Is this bagel high or low on the glycemic index? Am I supposed to be eating low glycemic foods or are it the high ones that are better? Wait, what the heck is the glycemic index anyways?
I’m a runner and I love carbs. By now I think we’ve all learned that multi-grain breads are better than the standard white and we should veer towards brown rice over white. But in the flood of ongoing studies and information shoved down our throats it’s sometimes tough to stay up to date on what the latest word is about the stuff that goes in our mouth.
I love exercise because it does make me feel like I have license to chow. The whole ‘if the engine is hot, it’ll burn’ thing, and getting too stressed about what foods are ‘good’ or ‘bad’ isn’t the best thing…and honestly there are conflicting messages; depending on who you talk to and what you read you could end up wondering if there is actually anything you should be eating!
But let’s be honest, to a certain degree we fitness folks have to be aware because part of running our best is fueling our best. So at least informing ourselves enough to achieve our performance goals IS smart. I like the saying, “Eating for performance.”
The glycemic index then rates our foods depending on the rate of which they are broken down by our body and converted to energy; it works off of a scale of 1 to 100.
High GI foods (rated 70 or more) are broken down the fastest; these are our white breads, cereals, potatoes and starchy goodnesses. Here we also have our sports drinks and foods. Think of these ones as the more processed foods.
* They offer up the fastest form of energy once eaten.
* Times to eat: during a race/workout, just prior to a race/workout (like if it’s the last thing you’re having), RIGHT after your run…within 15-30mins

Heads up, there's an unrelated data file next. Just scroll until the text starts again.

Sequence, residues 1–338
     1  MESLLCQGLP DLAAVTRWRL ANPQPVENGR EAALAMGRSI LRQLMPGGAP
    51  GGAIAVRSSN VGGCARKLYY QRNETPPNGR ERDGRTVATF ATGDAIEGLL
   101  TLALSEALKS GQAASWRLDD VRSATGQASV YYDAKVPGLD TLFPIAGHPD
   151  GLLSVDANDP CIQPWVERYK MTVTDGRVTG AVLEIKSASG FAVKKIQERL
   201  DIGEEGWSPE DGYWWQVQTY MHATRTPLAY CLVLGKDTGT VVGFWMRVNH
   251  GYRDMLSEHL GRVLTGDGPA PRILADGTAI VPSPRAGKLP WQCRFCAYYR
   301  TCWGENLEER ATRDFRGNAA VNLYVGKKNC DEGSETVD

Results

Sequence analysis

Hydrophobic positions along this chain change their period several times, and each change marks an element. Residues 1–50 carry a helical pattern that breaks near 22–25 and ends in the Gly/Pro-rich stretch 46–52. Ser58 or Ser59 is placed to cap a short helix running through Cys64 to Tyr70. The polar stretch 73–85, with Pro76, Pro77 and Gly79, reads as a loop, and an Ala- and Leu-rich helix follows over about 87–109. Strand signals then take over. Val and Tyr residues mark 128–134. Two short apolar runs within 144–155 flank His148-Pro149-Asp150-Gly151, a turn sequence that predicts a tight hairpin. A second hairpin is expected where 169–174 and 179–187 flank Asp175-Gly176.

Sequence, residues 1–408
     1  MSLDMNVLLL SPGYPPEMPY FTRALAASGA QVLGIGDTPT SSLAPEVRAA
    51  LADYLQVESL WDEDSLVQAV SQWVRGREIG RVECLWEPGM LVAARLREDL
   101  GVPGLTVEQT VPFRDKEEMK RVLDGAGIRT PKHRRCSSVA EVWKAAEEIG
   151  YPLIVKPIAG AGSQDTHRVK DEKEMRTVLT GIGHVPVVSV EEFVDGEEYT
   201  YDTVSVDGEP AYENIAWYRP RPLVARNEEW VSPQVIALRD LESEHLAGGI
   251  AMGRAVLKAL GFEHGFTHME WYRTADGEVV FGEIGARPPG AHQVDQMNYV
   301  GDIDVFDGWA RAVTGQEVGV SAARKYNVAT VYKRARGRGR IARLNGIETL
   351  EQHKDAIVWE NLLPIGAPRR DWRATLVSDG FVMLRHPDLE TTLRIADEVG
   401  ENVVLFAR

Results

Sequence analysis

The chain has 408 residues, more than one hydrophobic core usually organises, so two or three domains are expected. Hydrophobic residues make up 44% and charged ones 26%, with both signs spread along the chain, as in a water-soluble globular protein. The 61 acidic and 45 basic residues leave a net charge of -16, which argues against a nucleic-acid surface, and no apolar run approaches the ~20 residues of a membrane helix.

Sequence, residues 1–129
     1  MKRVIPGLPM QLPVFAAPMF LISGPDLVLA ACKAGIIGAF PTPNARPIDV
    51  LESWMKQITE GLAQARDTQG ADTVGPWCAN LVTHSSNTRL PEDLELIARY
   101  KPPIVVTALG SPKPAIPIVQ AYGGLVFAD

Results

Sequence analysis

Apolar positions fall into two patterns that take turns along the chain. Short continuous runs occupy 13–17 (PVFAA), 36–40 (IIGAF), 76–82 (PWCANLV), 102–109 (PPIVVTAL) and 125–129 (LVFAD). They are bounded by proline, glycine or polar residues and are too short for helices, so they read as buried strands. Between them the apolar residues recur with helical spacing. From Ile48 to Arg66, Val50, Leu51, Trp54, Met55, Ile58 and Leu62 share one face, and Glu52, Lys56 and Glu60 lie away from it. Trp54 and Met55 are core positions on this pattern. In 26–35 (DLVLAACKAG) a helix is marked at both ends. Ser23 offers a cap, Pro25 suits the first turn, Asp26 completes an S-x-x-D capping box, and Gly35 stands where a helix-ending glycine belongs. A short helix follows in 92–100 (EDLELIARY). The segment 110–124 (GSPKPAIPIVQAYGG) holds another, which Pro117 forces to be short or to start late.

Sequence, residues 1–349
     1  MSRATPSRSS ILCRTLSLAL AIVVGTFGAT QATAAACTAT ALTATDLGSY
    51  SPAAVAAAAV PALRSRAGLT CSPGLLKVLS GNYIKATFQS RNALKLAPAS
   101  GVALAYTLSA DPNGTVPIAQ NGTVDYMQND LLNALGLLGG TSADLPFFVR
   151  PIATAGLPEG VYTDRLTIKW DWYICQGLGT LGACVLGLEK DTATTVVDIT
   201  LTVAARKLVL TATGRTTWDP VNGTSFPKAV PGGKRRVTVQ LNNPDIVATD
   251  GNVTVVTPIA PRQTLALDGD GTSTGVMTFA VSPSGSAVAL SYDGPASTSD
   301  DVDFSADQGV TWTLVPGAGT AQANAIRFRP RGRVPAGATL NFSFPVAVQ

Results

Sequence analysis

* RECOVERY WINDOW: I’ll say it again because it’s this important, you want a high GI food along with a protein source within 30 minutes after your workout…miss this window and your recovery rate drops at least 60%
Low GI foods (rated 55 an under) are absorbed more gradually by the body; here are our apples, bananas, old fashioned oats, and beans. These ones are of the unprocessed variety, and usually high fiber.
* Supply gradual, sustained energy
* Keep you fuller for longer
* Times to eat: hours after a workout (post the recovery window you’ll want these guys) and throughout the entire day unless you are actually running or are about to head out
Moderate GI foods are anything in the middle and depending on your workout/running schedule choose from them according to which above category they are headed towards the most.
The bottom line is that the Low GI foods are typically your best bets but it’s important to realize that there ARE times when your body will crave that immediate source of energy. If you’re in a marathon, eating an apple isn’t really going to be doing you the favors you want it to. (and I’d like to see you multi-task that one too! hehe)
I’ve spoken with Krista Austin and in working with Dathan Ritzenhien she shares that before a race he’ll eat just plain, white rice. It gives him the quick shot of energy he’ll need, it’s a low residue food (read as not much fiber which will sit heavy in the stomach) and he knows it won’t cause him any distress. Is it plain? Sure, but he’s not eating it because it will glorify his taste buds…he’s eating for performance.
On that note, once your race or workout is done, then you can tantalize your taste buds all you want…I mean you earned it, right? 😉
You can read more tips on how to fuel your running in this article I did: Timing Your Fuel
1) Do you worry about low or high GI foods? Do you try to pick one form of carbs over the other? (ie: whole grain, brown vs. white, etc.)
I do try to stick to whole grains and brown rice/pasta, but I’ll admit to not really keeping track of the GI foods all that well…working on it?? 😉
2) Which, if any, things do you ensure to eat to fuel your running best? Or that you eat because you know it’s best for your body?
Over the years I’ve gotten a lot better at upping my protein, I love eggs, cottage cheese, and shrimp the most. The carby’s I never had a problem with.
3) Thankfully when you are busting your butt you still carry that license to indulge a little more, what’s your top pick? Or, because in heavy mileage it’s sometimes straight up necessary to go for calorie dense foods (hello, Bill Rodgers eating mayo-covered pizza…it worked for him!) how do you pound the cal’s?
Said it a million times, but go to pick for treats are Pop-tarts and Ben & Jerry’s pints…there, said it again.